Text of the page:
Defluoridation was carried out with bauxite, gypsum, magnesite and their composite calcined at 200°C to determine relationship between particle size, capacity and water quality, in an attempt to formulate a composite filter in the ratio of loading capacities. Particles of 0.5 to 1.0, 1.0 to 1.4, 1.4 to 2.0 and 2.0 to 3.0 mm diameter were employed in batch defluoridation. Color, hardness, pH, were determined hourly until fluoride equilibrium was obtained. Results showed that capacities were inversely correlated to particle size obtaining polynomial, linear and logarithmic relations of capacity (mg/g) to particle size (mm); (composite, gypsum), (bauxite) and (magnesite). Bauxite, gypsum and composite decreased but magnesite increased pH. Particle size and pH changes were positively correlated, highly for bauxite (r2 = 0.915), fairly for composite and magnesite (r2 = 0.855 and 0.853, respectively) and lowly correlated for gypsum (r2 = 0.562). Smaller particles obtained higher apparent colour, hardness, alkalinity and sulphate. There was no relationship between particle size and . Sorption capacities of these materials increase with decrease in particle size, however decrease in particle size enhances colour, hardness and sulphate levels. In optimizing the materials for defluoridation particle size can be decreased while monitoring colour, hardness, alkalinity and sulphate levels. Particles of diameter 2 mm were optimum in the present experiments.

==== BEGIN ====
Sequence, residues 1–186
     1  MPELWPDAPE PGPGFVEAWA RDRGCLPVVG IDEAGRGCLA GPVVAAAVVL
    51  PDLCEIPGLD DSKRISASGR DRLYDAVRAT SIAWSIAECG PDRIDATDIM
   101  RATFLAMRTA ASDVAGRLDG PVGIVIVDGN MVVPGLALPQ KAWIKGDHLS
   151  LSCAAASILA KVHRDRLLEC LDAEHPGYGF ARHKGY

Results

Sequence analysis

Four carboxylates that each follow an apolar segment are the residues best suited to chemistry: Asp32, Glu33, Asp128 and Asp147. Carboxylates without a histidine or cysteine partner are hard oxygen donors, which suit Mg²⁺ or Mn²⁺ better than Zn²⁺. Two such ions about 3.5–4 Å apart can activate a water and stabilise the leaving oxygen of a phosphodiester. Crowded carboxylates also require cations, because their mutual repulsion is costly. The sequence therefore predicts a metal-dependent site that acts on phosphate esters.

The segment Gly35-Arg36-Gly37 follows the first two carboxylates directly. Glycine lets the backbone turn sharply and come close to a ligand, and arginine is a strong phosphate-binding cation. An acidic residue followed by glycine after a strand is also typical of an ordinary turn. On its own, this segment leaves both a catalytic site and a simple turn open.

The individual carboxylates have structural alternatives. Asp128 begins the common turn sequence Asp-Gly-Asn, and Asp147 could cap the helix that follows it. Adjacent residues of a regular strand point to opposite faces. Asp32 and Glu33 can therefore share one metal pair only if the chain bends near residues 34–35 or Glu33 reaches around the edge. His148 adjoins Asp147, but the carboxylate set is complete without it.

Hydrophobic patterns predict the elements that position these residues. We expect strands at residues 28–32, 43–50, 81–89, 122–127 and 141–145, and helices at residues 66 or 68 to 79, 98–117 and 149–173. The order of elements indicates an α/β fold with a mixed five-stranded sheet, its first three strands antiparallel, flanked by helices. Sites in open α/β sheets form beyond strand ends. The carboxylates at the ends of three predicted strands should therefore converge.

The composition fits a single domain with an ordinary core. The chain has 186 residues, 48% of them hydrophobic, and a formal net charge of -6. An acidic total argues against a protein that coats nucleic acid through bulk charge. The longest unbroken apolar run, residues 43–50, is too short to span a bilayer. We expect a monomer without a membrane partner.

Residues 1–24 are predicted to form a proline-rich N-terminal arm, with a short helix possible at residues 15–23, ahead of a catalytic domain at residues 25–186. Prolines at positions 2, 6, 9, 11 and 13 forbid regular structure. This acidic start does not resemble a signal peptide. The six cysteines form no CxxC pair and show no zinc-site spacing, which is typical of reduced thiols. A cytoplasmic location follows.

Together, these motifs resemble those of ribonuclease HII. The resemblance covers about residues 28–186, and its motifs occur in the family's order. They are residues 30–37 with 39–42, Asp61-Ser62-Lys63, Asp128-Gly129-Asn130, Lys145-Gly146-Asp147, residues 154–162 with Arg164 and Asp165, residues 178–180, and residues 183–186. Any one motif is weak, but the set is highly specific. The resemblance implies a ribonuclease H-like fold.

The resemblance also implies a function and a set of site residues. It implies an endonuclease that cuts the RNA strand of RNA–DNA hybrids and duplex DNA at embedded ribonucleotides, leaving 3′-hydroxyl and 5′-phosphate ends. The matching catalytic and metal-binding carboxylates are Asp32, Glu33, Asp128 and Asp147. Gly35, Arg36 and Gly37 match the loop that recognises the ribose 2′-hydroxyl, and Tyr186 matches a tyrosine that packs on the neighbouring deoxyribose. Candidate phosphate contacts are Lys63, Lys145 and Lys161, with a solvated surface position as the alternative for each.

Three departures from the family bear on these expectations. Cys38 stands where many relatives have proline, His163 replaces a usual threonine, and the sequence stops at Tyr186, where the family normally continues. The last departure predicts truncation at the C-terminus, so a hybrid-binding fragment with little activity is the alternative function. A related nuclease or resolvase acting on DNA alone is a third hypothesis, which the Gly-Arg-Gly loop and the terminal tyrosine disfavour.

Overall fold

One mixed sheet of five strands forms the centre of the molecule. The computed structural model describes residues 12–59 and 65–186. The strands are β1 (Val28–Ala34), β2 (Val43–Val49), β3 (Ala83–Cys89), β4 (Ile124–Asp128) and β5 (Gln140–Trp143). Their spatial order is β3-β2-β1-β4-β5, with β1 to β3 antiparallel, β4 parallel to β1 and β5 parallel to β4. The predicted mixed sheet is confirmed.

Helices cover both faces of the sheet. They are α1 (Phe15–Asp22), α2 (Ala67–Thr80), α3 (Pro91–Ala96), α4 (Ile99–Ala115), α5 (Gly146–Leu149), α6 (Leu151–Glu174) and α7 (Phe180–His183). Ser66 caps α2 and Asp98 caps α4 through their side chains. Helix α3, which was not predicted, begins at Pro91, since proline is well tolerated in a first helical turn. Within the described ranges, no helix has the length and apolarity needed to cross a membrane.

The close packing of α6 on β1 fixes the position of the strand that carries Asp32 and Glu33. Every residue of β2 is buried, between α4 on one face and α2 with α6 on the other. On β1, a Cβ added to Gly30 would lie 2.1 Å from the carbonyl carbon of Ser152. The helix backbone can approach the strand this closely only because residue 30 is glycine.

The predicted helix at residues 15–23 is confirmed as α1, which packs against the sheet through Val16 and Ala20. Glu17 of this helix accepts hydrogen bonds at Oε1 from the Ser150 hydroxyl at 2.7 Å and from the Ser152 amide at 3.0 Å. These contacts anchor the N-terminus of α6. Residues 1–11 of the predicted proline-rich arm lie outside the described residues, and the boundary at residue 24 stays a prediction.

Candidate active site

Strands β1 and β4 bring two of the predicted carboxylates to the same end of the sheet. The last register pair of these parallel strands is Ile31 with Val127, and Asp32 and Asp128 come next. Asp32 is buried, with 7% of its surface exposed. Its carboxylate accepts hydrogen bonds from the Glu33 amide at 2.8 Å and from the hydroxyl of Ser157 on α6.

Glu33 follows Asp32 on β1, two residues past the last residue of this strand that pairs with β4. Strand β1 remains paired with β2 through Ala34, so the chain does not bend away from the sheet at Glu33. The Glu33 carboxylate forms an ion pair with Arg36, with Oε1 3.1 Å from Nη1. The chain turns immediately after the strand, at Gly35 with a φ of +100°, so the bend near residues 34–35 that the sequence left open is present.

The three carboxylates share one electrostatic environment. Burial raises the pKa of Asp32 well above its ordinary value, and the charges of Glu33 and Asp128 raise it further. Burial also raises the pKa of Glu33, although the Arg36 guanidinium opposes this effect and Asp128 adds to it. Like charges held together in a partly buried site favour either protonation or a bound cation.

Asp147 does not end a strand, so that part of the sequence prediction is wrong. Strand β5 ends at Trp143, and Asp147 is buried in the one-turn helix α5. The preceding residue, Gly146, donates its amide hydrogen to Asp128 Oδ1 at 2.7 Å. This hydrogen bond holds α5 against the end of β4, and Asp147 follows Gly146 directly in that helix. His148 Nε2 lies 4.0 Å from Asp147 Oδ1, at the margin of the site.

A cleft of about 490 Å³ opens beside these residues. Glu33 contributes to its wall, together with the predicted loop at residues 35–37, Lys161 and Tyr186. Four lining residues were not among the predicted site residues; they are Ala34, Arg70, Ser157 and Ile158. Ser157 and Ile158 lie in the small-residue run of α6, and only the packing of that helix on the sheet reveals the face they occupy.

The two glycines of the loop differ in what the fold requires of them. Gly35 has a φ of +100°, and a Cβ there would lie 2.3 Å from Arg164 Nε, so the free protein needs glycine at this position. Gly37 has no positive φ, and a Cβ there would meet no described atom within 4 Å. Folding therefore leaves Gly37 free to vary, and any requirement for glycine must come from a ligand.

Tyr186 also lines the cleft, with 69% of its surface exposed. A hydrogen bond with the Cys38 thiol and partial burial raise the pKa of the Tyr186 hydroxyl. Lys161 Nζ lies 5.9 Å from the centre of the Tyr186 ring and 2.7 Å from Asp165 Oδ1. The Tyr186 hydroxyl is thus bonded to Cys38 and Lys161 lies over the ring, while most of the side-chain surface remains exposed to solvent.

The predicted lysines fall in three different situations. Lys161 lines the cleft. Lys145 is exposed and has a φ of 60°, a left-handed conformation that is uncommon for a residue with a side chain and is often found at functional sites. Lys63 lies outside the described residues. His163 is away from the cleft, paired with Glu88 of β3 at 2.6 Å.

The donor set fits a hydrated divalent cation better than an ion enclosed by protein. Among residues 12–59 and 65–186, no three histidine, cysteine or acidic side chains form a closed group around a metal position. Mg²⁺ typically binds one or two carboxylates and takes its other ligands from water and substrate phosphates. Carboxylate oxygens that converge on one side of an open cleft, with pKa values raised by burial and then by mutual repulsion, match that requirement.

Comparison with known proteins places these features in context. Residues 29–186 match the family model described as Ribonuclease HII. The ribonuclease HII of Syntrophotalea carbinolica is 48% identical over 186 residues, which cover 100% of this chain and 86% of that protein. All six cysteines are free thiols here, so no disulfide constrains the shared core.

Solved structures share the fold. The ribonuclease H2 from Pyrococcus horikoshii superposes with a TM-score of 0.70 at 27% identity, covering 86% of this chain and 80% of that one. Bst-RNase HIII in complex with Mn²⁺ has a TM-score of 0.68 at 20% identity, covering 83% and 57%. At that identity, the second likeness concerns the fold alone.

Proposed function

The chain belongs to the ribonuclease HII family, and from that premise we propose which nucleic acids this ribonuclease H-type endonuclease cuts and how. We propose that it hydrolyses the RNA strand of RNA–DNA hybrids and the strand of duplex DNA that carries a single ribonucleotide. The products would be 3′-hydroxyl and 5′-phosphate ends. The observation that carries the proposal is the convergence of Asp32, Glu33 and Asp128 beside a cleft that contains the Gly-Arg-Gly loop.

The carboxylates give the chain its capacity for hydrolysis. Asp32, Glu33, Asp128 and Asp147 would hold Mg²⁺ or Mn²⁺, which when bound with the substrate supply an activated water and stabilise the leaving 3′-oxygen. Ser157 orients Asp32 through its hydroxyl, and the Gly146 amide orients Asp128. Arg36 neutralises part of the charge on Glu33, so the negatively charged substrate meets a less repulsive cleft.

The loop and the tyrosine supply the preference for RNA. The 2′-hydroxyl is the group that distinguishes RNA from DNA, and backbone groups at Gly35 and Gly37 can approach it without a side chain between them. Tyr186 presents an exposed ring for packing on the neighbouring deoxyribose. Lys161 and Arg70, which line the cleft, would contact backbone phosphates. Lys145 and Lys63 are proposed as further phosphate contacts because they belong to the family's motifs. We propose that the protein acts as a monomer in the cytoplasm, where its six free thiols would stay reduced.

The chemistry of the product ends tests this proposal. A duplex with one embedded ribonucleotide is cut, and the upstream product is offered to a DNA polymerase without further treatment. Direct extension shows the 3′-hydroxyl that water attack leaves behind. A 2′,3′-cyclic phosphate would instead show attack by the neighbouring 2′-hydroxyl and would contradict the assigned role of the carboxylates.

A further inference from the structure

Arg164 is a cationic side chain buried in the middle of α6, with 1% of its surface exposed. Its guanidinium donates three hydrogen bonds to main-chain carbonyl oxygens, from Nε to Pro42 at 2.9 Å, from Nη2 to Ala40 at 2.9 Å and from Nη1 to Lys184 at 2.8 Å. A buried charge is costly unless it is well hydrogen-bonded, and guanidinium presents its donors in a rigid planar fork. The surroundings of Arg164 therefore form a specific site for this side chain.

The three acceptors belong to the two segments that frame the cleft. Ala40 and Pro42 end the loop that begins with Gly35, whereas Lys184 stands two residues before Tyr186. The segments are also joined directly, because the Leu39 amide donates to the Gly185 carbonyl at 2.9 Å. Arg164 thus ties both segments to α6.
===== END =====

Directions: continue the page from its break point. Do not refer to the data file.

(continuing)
Key words: Bauxite, composite, defluoridation, gypsum, magnesite.
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